Trolley, train, and truck


The store at Lester Arkansas

Click on the picture to see What's Left at Lester. It's an eye full.

October 23, 2011

Unfortunately this week, the schedule weevils infected my routine and subsequently, my heart-felt desires to photograph a new subject and write a new story were thwarted. As a well experienced, card-carrying human being, I have learned that these things happen and that one should take them in stride while licking ones chops in anticipation of the next adventure.

That being said, I am sending you this week to tiny Lester, Arkansas, a place I first visited in January of 2009. What Lester lacks in size, it more than makes up for in pure curiosity in its remaining commercial structure, the old “store.” Take a look at “What’s left at Lester.” While you are clicking be sure and see (as in “don’t miss”) the original Lester pictures and story on the January 25, 2009 Corndancer Photo of the Week page.

Restored Fort Smith Trolley

This trolley at the Fort Smith Trolley Museum is completely cosmetically restored. The restorers are now working on some final mechanical and electrical details to make the car fully operational.

 While visiting Fort Smith, Arkansas, the place of my birth and upbringing until my 15th year, during a high-school reunion, I stumbled across the Fort Smith Trolley Museum and discovered a old trolley nearly restored to operational condition. As you can see, the restoration job is pristine as would be expected when the labor is provided by dedicated volunteers. The museum people were very congenial and informative. You can follow the trolley museum on Facebook.

James E. Reynolds monument in Oak Cemetery Fort Smith AR

Click on the picture to see this unique monument

Actually, the trolley was my second shoot of the morning. The first was at Oak Cemetery in Fort Smith, where I hooked up with some high school classmates to shoot a unique and remarkable monument.

At the time, the appearance of the grave was reason enough to make a special trip to shoot it. Turns out, there was a story behind the artistry in the cemetery. Go to the Photo of the Week page at Corndancer dot-com to to see the monument and get in on an interesting story. We’ll wait here for you.

Meanwhile, back at the trolley museum, the trolley crew told me about the restored trolley. Museum officials found the trolley rotting in a field west of Hot Springs, Arkansas. The last place of the trolley’s active service was in Hot Springs. They showed me a picture of the trolley as they found it. The nicest thing you can say about the trolley as they found it was “pitiful.” What the Fort Smith volunteers have done with the trolley is miraculous. They are performing similar miracles on another trolley in the same shop, this one, an open trolley from Vera Cruz, Mexico.

Frisco steam locomotive 4130

Frisco steam locomotive 4003 on static display at the Fort Smith trolley museum.

 The folks at the trolley museum show an interest in more than trolleys. They have a nice collection of rail equipment including cabooses, a dining car, and a whopper of a steam locomotive, the 4003 from the former Frisco Railroad. As I recall, back in the day, Fort Smith was served by the Frisco and the Kansas City Southern railroads and each railroad had their own depots.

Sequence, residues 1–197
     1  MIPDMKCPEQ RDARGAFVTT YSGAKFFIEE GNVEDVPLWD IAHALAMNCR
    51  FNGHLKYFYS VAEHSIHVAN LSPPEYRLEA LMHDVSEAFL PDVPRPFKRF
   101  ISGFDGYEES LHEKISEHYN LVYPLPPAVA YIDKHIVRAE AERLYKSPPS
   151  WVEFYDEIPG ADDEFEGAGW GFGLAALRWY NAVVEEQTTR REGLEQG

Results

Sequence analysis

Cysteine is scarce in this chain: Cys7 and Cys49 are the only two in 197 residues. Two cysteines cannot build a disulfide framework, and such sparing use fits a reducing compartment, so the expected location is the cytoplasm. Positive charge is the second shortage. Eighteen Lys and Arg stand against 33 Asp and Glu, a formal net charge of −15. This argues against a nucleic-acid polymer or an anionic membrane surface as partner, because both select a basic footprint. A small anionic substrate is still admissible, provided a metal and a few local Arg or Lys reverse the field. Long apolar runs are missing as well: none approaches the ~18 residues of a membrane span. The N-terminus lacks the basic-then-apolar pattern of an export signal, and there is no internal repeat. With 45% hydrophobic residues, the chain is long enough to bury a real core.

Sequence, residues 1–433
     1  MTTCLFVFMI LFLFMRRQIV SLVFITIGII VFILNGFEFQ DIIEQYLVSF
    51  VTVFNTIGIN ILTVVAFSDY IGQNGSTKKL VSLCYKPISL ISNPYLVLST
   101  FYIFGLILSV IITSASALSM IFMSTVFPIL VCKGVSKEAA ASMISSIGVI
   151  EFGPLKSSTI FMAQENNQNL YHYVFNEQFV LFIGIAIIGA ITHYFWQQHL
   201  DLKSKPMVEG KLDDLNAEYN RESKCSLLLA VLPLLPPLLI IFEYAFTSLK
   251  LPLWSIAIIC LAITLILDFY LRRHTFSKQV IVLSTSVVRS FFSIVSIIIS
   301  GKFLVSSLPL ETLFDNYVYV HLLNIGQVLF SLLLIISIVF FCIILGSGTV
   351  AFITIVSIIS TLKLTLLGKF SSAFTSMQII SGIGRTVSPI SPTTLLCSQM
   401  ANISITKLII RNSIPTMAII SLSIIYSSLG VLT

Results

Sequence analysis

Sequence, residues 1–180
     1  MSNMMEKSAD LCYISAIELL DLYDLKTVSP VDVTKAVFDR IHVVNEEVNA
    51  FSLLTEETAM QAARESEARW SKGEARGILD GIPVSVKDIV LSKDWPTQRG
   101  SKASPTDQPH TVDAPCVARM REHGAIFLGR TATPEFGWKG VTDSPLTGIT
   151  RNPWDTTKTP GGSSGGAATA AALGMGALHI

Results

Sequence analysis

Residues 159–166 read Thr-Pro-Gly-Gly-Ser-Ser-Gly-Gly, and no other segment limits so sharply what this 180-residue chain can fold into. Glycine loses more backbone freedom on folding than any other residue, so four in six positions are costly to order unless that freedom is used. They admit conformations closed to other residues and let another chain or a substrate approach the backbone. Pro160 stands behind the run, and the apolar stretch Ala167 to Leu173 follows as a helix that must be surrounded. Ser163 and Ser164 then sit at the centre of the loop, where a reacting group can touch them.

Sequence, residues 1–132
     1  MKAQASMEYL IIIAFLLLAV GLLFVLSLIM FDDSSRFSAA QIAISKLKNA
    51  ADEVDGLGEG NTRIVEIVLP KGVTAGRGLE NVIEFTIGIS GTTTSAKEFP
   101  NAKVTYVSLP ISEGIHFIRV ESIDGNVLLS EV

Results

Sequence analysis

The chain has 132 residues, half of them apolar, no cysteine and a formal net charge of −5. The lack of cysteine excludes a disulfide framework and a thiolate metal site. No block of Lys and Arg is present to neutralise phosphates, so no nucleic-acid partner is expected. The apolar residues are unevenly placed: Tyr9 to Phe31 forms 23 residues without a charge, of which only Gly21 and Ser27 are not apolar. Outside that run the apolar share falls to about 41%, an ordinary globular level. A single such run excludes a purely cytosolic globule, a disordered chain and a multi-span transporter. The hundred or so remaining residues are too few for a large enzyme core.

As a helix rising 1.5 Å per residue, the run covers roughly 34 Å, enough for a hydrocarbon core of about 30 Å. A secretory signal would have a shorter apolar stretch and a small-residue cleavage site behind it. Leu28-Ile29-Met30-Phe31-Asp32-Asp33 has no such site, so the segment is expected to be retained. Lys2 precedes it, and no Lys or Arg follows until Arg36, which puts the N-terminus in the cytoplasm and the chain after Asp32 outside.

An environmental picture

Abandoned native stone building on I-40

The environment for this old abandoned native stone structure is I-40, just south of Clarksville, Arkansas. Its job is to watch traffic go by.

One of my deals as a photographer is to show the subject in its environment which generally means that closeups are not a dominant force in my portfolio. I like to show some surroundings. Having driven by this old building on I-40 south of Clarksville AR about a jillion times without noticing it, I was delighted to finally notice it on this trip — while being ashamed of myself for not noticing it earlier. Then it occurred to me that I should probably include interstate traffic if I was to hold to my thing with a bit of environment in the shot. It took about a 100 shots or so to catch a truck in just the right place, but was worth the wait. In the immortal words of Hank Snow, the truck was “movin’ on.” I set the shutter speed high.

Old barn on US Highway 64

This old barn on US 64 has seen better days and is now a detritus dump.

 On the trip to Fort Smith, I was running ahead of schedule, so I dropped off the interstate and traveled north on US Highway 64, the artery which was replaced as the main east-west thoroughfare by I-40. I figured I would spy an old barn or two and was not disappointed. The remnants of a lightning rod system are dangling from the peak of the roof. From all appearances the last use of the barn was typical of many in their last useful days — a repository for the the stuff you don’t want to throw away (but probably should), but can’t find anywhere else to dump it. And life goes on.

Thanks for dropping by,

Joe Dempsey
Weekly Grist for the Eyes and Mind

http://www.joedempseyphoto.com/
http://www.joedempseycommunications.com/
http://www.corndancer.com/joephoto/photohome.html

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